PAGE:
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What was the healthy life expectancy of people at Birth and at Age 65?

ONS analysis looks at variation by Clinical Commissioning Groups in 2010-12

Healthy Life Expectancy (HLE) is based on subjective self-assessed health and adds value to life expectancy by estimating average lifetime spent in a favourable state of health. These measures are being used more in health and social care resource planning and policy, to gauge things like pension provisions, fitness for work, pension ages, and population health needs assessment.

This analysis uses census data to look at HLE by Clinical Commissioning Groups (CCGs). CCGs became legally operational in April 2013 in England to replace Primary Care Trusts and they are responsible for commissioning care at local level such as maternity, hospital and emergency services, with the involvement of local GPs. Their primary aims include: a fair distribution of health resources and a reduction in health inequalities.

In the last few decades, life expectancy has increased for males and females and there are several explanations for an increased ageing population: advances in medical care, greater access to life saving health care, adopting healthier lifestyles and improving living conditions. It is interesting to know whether longer life expectancies are accompanied by a favourable state of health among the ageing population.

At birth, males expected to spend 15.7 years in poor health and females 18.2 years

National life expectancy for a male born in England was 79.2 years, with 15.7 years spent in ‘Not Good’ health, whilst life expectancy for females was higher at 83.0 years with 18.2 years spent in ‘Not Good’ health. Females showed higher HLE at birth than males in all except 7 CCGs. The HLE gap between CCGs was wider for females (19.7 years) than males (17.8 years) whereas the LE gap was wider for males (9.1 years) than females (6.5 years).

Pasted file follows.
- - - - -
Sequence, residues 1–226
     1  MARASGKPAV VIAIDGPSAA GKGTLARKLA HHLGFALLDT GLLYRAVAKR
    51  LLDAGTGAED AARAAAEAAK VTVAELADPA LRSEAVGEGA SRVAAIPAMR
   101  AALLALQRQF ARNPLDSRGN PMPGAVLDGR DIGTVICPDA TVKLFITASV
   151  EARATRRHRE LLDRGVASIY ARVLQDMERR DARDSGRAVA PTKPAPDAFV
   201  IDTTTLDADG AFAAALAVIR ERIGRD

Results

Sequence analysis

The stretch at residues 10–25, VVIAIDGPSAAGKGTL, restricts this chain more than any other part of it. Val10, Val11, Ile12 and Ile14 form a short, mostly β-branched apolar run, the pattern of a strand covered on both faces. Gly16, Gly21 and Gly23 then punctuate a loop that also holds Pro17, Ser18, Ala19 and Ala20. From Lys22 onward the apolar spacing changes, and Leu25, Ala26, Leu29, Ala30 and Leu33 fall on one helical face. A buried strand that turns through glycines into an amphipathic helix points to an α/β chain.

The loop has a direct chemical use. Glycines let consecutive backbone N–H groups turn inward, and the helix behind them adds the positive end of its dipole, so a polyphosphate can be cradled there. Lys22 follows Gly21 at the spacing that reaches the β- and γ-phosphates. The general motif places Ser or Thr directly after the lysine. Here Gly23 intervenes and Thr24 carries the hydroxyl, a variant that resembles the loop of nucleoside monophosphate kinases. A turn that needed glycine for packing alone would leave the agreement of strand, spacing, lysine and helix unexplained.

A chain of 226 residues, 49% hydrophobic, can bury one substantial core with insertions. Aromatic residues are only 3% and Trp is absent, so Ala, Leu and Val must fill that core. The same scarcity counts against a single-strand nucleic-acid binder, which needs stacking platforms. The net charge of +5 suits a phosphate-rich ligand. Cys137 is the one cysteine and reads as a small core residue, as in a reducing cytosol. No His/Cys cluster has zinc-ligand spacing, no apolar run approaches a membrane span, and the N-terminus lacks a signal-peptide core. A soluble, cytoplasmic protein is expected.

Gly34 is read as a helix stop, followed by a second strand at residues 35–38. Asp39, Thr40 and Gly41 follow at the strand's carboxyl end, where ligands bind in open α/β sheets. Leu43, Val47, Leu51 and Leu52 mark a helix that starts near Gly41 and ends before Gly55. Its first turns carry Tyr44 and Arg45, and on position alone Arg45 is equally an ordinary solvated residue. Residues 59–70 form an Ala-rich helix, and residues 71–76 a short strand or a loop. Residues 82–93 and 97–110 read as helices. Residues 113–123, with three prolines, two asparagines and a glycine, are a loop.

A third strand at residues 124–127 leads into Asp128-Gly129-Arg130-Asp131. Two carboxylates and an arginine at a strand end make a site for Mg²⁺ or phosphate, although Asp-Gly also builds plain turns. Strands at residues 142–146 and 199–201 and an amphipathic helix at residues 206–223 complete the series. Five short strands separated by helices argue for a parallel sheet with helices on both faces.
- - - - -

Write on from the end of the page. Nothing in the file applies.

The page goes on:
The top ten CCGs (those with the highest HLE) were located around the local authority areas with low levels of deprivation, mainly in areas to the south and west of London. NHS Guildford and Waverley had the highest healthy life expectancy for males (70.3 years) and females (71.3 years) at birth. The bottom ten CCGs (those with the lowest HLE) were located around areas with some of the highest levels of deprivation, mainly to the North, the Midlands and some ethnically diverse parts of East London.  The lowest HLE at birth was in NHS Bradford City for males (52.5 years) and females (51.6 years). There was a clear North-South divide in the top and bottom 10, as can be seen in the map below.

Healthy Life Expectancy (HLE) at birth for NHS Clinical Commissioning Groups (CCGs), England, 2010-12

Map showing HLE at birth for NHS Clinical Commissioning Groups (CCGs) in England between 2010 and 2012

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Largest healthy life expectancy gap between men and women at age 65 was in NHS Richmond

To gauge the extent of healthy life in later ages, HLE at age 65 is used. Men in England could expect to live another 9.2 years in ‘Good’ health, and women slightly more at 9.7 years. However there are stark differences between LE and HLE. Men in England are estimated to live a further 18.6 years at the age of 65, but half (9.4 years) of this would be in ‘Not Good’ Health. For women in England they’re expected to live a further 21.1 years but more than half (11.4 years) of this would be spent in ‘Not Good’ health. Overall, women at age 65 have longer LE and HLE than men but men spend a greater proportion of their life in ‘Good’ health.  

The largest difference in HLE at age 65 between men and women was in NHS Richmond where women live 1.4 more years in a state of ‘Good’ health than men. The proportion of life spent in ‘Good’ health for men at age 65 was lowest in NHS North Manchester (32.9%) and highest in NHS Guildford and Waverley (61.7%); nearly double that of NHS North Manchester. However for women, the proportion of life spent in ‘Good’ health in NHS Guildford and Waverley (58.1%) was more than double the proportion of life spent in ‘Good’ health in NHS Bradford City (27.3%).

Where can I find out more about healthy life expectancy statistics?

These statistics were analysed by the Health Analysis team at ONS. The analysis is based on data collected from the Census. If you would like to find out more about the latest healthy life expectancy statistics, you can read the release or visit the health and social care theme page. If you have any comments or suggestions, we would like to hear them. Please email us at:

Categories: Population, People and Places
Content from the Office for National Statistics.
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